Marion Llewellyn Obituary, Cause of Death – According to the findings of an autopsy, a woman who died of sepsis could have survived if all necessary diagnostic procedures had been performed on her before she died. Marion Llewellyn, 66, of Canterbury, Kent, was readmitted to the Kent and Canterbury Hospital after being treated there for five days and then allowed to return home. She died three weeks after being readmitted to the hospital.
Despite the fact that no clinical tests were performed on her remains, the coroner in Maidstone concluded that she died from peritonitis and sepsis. The East Kent Hospitals Trust has informed the public that Mrs. Llewellyn’s death has been thoroughly investigated. Mrs. Llewellyn had a plastic stent inserted within her body on February 8, 2021, following a surgery in which kidney stones were removed from her body, according to the report. She had been suffering from agonising abdominal pain, nausea, and vomiting for several days before to her visit to the Urgent Care Centre at Kent and Canterbury Hospital on February 18, that year.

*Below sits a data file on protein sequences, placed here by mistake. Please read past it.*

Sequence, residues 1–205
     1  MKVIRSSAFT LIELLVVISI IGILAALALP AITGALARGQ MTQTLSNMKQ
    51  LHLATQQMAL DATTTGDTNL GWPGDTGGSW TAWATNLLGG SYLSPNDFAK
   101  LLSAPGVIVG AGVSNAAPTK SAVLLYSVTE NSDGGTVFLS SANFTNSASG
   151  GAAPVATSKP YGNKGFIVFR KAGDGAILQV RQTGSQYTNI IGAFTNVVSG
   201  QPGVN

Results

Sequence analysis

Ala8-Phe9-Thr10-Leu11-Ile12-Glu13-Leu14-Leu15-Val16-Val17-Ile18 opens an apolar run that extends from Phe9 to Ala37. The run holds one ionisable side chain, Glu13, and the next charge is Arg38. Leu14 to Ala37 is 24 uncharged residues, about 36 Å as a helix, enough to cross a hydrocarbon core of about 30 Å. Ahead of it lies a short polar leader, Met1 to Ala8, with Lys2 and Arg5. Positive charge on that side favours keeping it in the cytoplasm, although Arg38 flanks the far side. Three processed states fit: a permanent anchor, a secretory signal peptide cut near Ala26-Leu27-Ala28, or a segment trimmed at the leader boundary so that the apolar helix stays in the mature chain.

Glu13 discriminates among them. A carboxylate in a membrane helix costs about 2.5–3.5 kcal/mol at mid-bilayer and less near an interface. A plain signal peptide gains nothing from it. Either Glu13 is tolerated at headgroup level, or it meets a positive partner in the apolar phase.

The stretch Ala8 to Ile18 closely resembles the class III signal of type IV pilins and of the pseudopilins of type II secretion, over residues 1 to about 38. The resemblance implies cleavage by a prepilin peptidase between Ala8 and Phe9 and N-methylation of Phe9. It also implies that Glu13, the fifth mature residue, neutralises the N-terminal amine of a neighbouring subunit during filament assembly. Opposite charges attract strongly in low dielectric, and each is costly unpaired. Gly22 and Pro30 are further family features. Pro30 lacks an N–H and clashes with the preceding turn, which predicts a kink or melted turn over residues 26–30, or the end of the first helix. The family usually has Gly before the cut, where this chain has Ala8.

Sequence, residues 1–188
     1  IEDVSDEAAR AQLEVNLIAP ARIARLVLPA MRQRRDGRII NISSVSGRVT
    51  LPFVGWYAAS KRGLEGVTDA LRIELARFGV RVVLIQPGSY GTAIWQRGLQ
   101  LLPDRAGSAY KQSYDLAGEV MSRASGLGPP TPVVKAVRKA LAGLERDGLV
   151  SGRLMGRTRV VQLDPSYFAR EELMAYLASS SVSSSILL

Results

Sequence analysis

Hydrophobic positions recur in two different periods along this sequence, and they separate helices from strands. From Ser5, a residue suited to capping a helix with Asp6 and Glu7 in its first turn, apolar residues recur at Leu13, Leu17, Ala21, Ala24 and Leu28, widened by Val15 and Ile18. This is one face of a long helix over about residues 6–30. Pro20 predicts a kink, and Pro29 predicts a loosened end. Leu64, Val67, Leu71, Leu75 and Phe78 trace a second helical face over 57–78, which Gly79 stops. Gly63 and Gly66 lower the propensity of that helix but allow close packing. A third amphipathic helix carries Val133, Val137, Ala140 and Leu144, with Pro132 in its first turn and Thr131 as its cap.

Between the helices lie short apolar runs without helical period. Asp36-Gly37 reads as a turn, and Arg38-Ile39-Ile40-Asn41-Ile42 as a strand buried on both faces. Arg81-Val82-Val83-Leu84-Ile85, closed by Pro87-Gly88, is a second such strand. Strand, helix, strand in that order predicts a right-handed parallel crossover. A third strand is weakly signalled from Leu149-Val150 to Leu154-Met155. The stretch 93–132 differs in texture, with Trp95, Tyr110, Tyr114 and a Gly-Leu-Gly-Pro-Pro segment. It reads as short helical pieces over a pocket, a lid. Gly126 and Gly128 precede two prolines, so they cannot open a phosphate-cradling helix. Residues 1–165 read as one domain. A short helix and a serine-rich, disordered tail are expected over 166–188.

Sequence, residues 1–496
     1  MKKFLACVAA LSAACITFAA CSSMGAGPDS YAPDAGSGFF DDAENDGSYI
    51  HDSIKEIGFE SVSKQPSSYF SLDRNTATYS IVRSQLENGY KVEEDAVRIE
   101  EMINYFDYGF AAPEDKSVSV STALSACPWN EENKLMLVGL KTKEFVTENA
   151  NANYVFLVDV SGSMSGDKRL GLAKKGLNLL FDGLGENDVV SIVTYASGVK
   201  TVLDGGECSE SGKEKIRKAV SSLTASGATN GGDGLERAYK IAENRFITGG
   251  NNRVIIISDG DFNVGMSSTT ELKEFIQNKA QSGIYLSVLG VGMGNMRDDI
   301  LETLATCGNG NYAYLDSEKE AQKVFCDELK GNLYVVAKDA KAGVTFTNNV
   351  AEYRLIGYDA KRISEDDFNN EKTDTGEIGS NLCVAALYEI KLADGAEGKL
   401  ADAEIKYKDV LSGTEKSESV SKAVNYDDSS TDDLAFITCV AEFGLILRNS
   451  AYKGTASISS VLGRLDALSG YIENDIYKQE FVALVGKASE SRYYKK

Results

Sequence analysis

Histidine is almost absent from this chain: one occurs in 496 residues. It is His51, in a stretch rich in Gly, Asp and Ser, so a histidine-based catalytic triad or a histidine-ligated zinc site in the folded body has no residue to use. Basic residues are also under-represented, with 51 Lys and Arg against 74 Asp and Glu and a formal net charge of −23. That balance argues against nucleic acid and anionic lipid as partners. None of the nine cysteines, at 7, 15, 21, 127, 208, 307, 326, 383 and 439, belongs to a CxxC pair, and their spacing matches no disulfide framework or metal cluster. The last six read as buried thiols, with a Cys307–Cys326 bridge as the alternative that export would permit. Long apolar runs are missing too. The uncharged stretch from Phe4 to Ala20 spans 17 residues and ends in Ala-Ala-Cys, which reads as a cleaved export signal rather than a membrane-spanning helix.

The on-call physician assumed that the stent was causing the patient’s symptoms; however, an X-ray indicated that it was properly positioned in the patient’s body. Professor Sarah O’Dwyer, a consultant surgeon appearing as an expert witness, stated that the blood tests performed revealed irregularities serious enough to alert the clinician to the possibility of an infection. This was stated in her testimony.
She went on to say that the next step would have been to seek advice from an experienced colleague, and that more blood tests and examinations may have resulted in hospitalisation. She also mentioned that hospitalisation was a possibility. Mrs. Llewellyn was instead allowed to return home after being released from the hospital, according to Coroner Joanne Andrews’ evidence.